Swiss MPs oppose new health insurance model

Malcolm Curtis
Malcolm Curtis - [email protected] • 6 Mar, 2014 Updated Thu 6 Mar 2014 10:05 CEST
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Swiss Health Minister Alain Berset says citizens should be able to vote this year on a proposed new health insurance system that would replace multiple private insurance providers with one single insurer.

Berset was quoted by the ATS news agency as making the comment on Wednesday when the lower house of parliament rejected the initiative by a vote of 124 to 61.

The senate earlier opposed the proposal, which is set to go to a national referendum, although a date for the vote has yet to be fixed.

Left-wing parties support the initiative, which would replace a system involving around 60 private insurers who provide mandatory healthcare coverage with a range of premiums, in addition to optional supplementary cover.

Right-wing parties say the current model provides competition and a method of financing healthcare that works well with a high level of satisfaction from users.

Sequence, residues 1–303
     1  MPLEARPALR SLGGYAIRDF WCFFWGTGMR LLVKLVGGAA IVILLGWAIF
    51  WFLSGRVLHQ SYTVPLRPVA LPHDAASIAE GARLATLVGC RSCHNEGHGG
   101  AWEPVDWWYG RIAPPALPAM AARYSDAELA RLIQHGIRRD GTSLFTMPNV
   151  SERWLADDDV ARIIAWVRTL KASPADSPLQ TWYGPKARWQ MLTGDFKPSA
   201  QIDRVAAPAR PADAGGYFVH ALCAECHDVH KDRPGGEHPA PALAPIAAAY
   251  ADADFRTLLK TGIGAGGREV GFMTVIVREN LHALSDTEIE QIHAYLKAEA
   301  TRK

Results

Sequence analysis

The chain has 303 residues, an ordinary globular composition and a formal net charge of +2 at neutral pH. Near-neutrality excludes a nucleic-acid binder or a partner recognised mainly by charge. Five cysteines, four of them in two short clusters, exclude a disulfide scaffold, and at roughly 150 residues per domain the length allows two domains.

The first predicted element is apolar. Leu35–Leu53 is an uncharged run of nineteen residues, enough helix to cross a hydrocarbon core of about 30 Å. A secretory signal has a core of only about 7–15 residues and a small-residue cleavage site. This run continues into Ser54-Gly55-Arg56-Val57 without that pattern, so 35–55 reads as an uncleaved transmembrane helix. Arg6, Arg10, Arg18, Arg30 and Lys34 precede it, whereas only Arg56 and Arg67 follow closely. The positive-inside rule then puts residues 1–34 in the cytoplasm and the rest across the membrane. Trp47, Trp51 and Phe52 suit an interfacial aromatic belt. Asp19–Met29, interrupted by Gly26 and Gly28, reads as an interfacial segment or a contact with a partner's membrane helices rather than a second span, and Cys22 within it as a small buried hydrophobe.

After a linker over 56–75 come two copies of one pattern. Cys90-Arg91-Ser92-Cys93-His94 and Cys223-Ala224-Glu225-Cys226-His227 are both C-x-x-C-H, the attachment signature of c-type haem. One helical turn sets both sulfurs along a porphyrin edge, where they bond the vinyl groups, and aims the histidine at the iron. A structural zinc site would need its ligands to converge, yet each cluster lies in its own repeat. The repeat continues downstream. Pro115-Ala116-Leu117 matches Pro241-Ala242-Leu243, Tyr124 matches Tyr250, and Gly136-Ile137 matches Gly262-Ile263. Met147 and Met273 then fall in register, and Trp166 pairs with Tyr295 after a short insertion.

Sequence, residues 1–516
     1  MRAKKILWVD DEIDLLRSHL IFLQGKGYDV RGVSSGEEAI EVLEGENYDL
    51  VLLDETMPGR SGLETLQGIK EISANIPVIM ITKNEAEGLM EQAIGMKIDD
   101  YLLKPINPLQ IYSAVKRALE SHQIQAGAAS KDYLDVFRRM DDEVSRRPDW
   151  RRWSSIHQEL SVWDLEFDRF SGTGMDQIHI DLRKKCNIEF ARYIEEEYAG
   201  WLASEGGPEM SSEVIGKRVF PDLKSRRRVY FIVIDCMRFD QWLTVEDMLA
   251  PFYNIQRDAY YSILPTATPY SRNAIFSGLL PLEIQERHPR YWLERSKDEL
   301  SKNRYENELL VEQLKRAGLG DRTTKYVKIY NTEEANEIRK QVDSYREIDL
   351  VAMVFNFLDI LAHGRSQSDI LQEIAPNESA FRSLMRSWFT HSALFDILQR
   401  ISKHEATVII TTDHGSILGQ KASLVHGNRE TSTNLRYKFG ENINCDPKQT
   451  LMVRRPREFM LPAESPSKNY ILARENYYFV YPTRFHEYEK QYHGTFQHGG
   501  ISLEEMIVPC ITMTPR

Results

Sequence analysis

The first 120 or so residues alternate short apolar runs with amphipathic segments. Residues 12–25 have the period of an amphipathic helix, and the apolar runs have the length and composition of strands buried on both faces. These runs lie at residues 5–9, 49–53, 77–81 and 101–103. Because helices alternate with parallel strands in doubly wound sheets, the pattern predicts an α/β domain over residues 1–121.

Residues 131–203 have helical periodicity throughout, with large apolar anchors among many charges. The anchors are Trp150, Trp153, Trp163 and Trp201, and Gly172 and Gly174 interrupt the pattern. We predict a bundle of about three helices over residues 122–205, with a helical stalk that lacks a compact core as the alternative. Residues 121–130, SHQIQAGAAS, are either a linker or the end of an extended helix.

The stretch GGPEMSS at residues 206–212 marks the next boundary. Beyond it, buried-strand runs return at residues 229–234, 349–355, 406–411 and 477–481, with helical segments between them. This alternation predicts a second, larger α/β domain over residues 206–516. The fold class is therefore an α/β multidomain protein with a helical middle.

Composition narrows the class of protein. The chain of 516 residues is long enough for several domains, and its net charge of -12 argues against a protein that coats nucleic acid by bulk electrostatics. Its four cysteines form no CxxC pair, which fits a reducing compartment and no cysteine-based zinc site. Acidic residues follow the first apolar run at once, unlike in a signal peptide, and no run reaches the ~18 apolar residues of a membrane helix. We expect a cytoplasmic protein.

They argue that a single-insurer system would remove freedom of choice for patients to choose doctors and hospitals, although this is contested by backers of the initiative.

It would be like having “neither Migros nor Coop but a single store, with one kind of yogourt at the same price,” Hansjörg Walter, a Swiss People’s Party MP from Thurgau, told parliament, ATS reported.

One of the arguments made in favour of a single insurer is that it would reduce administrative costs, but conservatives argue that this represents only five percent of healthcare spending and the amount is dropping.

Jacqueline Fehr, a Socialist MP from Zurich, maintained that having 60 insurers with 300,000 models of insurance offered “chaos” rather than competition, with “business” taking precedence over the well-being of the Swiss population, ATS reported.

Every year, Swiss residents have the right to change their healthcare insurer, and companies compete through advertising to attract new customers.

The parliament has urged a vote on the initiative as early as possible, with some in the right-wing camp fearing that the issue could offer a platform for left-wingers in the 2015 federal elections, according to ATS.

The federal government is opposed to the initiative and Health Minister Berset, a Socialist party member, has been obliged to go along with the cabinet’s decision.

But Berset said he hoped MPs would support other measures to reduce healthcare costs.



Malcolm Curtis 2014/03/06 10:05

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